It’s that time of year! Not only to educators have an opportunity to start the year afresh every September, we now have the chance to reflect on our practice mid-year. We review our TPEP student growth goals and our progress towards our teaching practices.
You may have read how I survived my TPEP formal observation. Now you can read how I survived my goal reflection and mid-year review.
1. Find a Team
Because I am a reading specialist and Instructional Coach, I needed to find a team to join for my team goal. I chose to write student growth goals with the 2nd grade team. (I like the people on the team, they make me laugh, and they play well with each other).
2. Set the goals
As per TPEP requirements, I set 3 goals:
|Criteria 3 (sub group)||Criteria 6 (whole group)||Criteria 8PLC/Grade Level Team|
|Final Goal||By The End Of The Year, 7/7 Tier 3 Students In My Rti Group Will Increase By At Least 30 Words Correct Per Minute And Still Have 97% Or Higher Accuracy.||By The End Of The Year 100% Of The Students In My RTI Group (See Data Above) Will Increase To 97% Accuracy As Measured By The Aims Or.||By The End Of The Year, 85 Students Will Be At Tier 1 (80% Of 2nd Grade), 16 At Tier 2 (15% Of 2nd Grade), 5 At Tier 3, (5% Of 2nd Grade) As Measured By The Aims OR.|
3. Collect data
In January we collected data through an Oral Reading (OR) universal screener. This allowed us to check on the progress of all students and determine who still needs additional help.
At our team meeting this week, we looked at the data for the whole grade level. This gave me an opportunity to review the data for my sub group and whole RTI group.
Here’s what my data looked like after the universal screener:
|# of students at each Tier||Fall||Winter|
4. Review the Data
1 student moved to Tier 1. Yippee!!! 1 student moved to Tier 2. Yea!! 1 student moved out of the school. That leaves 5 students still at Tier 3, despite my best teaching efforts. 5 students made 30 words per minute growth. Yea again!
Here’s another way to look at the data:
|Students served||Initial OR Benchmark Score||% Accuracy||Winter OR||Winter Accuracy|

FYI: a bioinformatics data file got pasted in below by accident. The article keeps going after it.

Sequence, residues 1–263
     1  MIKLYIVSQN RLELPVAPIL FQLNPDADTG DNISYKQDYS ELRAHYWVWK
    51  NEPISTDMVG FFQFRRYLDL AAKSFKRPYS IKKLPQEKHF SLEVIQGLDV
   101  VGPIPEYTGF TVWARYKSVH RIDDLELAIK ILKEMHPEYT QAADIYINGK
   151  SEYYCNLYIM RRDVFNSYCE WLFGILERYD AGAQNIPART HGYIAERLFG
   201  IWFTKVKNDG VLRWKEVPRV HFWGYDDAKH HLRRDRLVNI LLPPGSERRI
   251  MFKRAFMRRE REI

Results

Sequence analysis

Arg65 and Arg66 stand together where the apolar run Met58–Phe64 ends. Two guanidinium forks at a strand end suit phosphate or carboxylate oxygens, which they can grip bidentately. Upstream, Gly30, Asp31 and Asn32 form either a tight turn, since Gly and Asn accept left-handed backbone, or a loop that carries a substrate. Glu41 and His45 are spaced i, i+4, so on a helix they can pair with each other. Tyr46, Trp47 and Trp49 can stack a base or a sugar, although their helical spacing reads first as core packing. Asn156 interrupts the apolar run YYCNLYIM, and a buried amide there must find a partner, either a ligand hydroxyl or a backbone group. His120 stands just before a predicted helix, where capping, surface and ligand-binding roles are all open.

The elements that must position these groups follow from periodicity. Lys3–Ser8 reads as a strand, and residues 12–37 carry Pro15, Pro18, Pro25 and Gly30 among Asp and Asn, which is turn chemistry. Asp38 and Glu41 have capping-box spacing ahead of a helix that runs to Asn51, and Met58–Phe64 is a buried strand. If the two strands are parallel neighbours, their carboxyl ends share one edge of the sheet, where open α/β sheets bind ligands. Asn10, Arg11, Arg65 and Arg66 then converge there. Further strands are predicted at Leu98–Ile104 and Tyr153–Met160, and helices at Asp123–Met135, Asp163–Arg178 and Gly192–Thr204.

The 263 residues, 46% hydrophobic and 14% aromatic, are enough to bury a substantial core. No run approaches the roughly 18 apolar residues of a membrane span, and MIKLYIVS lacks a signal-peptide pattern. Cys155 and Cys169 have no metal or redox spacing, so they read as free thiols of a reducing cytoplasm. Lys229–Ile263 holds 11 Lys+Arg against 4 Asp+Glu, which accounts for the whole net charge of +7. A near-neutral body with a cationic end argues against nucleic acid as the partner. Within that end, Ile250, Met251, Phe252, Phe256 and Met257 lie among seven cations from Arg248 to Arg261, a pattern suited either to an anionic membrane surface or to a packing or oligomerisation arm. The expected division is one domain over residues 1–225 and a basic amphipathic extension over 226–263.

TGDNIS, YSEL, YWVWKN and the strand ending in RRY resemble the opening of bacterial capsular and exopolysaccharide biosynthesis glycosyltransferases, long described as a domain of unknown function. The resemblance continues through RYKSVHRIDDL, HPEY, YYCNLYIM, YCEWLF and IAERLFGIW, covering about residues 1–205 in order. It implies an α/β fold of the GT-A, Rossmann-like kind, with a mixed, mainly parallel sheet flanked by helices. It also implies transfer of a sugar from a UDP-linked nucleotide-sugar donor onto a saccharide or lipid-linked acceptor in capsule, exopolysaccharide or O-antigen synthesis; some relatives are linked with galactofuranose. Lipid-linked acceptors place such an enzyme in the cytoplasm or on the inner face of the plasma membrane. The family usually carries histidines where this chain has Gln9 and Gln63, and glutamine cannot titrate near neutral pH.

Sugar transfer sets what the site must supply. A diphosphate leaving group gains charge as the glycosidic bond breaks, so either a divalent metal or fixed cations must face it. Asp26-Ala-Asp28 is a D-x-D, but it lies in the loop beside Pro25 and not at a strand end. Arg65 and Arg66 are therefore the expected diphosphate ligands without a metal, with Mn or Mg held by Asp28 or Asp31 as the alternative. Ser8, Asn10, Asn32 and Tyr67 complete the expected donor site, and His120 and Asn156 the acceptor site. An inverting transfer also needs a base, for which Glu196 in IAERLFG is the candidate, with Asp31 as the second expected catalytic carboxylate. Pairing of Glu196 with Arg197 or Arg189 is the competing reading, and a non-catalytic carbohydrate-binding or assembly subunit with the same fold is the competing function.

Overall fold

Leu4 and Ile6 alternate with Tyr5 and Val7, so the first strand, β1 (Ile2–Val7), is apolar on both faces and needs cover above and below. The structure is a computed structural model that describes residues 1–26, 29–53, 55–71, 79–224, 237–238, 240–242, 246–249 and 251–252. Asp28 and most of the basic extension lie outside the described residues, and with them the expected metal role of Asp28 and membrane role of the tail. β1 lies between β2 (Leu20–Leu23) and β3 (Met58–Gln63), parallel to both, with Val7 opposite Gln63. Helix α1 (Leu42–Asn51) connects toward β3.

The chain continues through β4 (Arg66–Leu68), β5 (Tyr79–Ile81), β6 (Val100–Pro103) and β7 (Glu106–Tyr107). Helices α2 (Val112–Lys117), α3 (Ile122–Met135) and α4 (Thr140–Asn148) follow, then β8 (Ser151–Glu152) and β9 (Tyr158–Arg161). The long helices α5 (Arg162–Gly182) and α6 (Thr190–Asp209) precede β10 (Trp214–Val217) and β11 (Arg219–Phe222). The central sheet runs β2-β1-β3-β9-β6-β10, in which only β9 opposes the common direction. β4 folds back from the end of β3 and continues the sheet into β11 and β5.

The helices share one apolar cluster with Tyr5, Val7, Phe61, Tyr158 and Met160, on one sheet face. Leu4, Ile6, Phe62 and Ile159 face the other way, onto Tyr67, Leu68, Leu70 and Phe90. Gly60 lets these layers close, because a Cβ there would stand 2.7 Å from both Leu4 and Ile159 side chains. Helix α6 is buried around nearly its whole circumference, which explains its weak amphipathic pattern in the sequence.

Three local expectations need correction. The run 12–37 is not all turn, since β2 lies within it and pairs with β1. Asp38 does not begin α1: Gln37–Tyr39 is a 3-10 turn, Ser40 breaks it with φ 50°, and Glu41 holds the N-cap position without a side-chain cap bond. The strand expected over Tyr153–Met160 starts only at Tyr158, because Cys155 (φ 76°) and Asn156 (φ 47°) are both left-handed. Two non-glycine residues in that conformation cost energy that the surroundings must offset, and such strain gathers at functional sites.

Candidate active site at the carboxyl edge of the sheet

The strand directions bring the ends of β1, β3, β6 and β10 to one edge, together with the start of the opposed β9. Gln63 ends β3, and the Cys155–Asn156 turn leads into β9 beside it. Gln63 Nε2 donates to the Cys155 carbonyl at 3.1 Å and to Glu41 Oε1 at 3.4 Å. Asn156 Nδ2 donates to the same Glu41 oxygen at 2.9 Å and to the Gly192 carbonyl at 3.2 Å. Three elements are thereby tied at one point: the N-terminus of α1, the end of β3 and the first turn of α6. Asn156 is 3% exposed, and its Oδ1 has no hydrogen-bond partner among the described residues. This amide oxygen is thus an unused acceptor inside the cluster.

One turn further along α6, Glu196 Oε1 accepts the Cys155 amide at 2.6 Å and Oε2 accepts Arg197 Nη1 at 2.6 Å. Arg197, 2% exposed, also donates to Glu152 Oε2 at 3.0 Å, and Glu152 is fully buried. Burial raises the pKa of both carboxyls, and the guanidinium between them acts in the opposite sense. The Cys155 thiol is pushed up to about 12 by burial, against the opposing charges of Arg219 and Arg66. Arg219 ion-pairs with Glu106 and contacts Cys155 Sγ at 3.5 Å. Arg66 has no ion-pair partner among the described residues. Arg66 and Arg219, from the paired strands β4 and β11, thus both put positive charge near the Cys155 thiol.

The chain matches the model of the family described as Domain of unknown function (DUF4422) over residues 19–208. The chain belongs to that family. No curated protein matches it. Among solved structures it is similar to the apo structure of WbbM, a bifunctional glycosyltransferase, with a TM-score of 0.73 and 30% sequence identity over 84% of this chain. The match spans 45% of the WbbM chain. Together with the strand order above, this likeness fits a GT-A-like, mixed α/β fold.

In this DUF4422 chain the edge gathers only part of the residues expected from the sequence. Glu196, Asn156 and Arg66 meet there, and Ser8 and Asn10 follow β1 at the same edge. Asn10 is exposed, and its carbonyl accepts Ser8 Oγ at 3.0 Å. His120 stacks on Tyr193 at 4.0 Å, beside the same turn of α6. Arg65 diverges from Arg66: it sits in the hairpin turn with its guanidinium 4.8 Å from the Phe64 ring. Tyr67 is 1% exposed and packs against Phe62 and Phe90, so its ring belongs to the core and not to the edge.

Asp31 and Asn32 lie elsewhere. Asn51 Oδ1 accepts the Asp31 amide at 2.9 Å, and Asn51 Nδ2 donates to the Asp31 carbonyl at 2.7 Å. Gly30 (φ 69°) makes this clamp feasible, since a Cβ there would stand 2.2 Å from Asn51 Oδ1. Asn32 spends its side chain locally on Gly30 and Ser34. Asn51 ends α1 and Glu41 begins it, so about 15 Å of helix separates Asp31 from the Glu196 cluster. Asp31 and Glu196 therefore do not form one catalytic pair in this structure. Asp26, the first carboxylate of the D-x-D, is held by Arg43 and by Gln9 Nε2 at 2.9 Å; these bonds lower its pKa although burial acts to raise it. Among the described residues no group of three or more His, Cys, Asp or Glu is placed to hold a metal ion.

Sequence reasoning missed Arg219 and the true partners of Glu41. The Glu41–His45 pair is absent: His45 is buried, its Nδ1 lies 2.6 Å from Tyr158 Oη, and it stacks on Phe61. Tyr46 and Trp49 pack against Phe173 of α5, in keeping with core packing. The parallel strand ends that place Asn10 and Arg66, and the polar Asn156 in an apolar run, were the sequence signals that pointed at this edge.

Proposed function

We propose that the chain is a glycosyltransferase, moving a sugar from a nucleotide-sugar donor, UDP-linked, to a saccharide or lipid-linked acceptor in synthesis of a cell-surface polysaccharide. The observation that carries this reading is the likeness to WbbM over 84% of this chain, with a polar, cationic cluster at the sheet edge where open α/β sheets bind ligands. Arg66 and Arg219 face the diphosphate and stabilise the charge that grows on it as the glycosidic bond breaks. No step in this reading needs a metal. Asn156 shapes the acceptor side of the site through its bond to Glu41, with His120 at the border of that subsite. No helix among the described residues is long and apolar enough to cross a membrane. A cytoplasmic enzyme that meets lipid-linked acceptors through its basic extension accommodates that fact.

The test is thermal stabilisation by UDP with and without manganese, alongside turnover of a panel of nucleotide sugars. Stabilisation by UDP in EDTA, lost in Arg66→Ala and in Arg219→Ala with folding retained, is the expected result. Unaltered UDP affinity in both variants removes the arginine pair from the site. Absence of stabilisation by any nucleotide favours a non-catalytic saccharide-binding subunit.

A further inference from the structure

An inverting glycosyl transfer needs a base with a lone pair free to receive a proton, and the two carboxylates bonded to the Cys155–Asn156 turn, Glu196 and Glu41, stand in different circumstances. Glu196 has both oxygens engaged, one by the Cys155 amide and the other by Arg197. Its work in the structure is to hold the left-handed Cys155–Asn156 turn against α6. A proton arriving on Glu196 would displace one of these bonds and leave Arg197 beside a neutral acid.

* Names have been changed
Elsa and Sven moved to a reading group for on target students. This is my goal. I want to work myself out of a job and have all students reading at standard. Buzz moved to another school earlier in the year. Kristoff is moving to a more intense group taught by the special education teacher. Nemo, Cinderella, Anna, Bambi, and Ariel are moving to a group that meets their needs more closely based on a diagnostic assessment. That leaves me with Olaf in a new group with other struggling students.
6. Adjust Instruction and Make a Plan
I reviewed the instructional materials I was using in 2nd grade and decided to use one that allowed for more frequent student response and engagement as well as more manipulatives such as letter tiles, white boards, and physical response.
7. Meet with the principal
The internal soundtrack of my life was playing this as I walked to my principal’s office.
I reflected on all of these aspects of my practice before I met with my principal. I pride myself on presenting professional (Typed!! Color coded!! Growth graphs!!!) documents. As soon as I sat down, she said, “Tell me your goal”. I looked on my reflection form. There was no goal! Was my face red. I ran to my room, printed out the growth goal, apologized profusely, and promised to revise my reflection sheet to include my goal.
How often do you get 45 minutes of uninterrupted time with your principal? Not often. It is a gift. We talked about my goals, my instructional strategies, my concerns for Kristoff and how he has fallen off our radar. We made note to bring him up as a student of concern at the next team meeting.
We talked about my role as instructional coach and how I can support her goals of change for the building. We discussed district level decisions and what they might mean for the building.
When the phone rang, she ignored it. If there was an issue with a student in the office, I didn’t know about it. I had her undivided attention.
If you are nervous about your TPEP review, don’t let your palms get sweaty or bring a box of Kleenex. Take advantage of the gift of time with your building leader. Take the chance to share your hopes and dreams for your professional practice. Appreciate the luxury of talking to your instructional leader about their goals and hopes for the building. It can be a beautiful experience.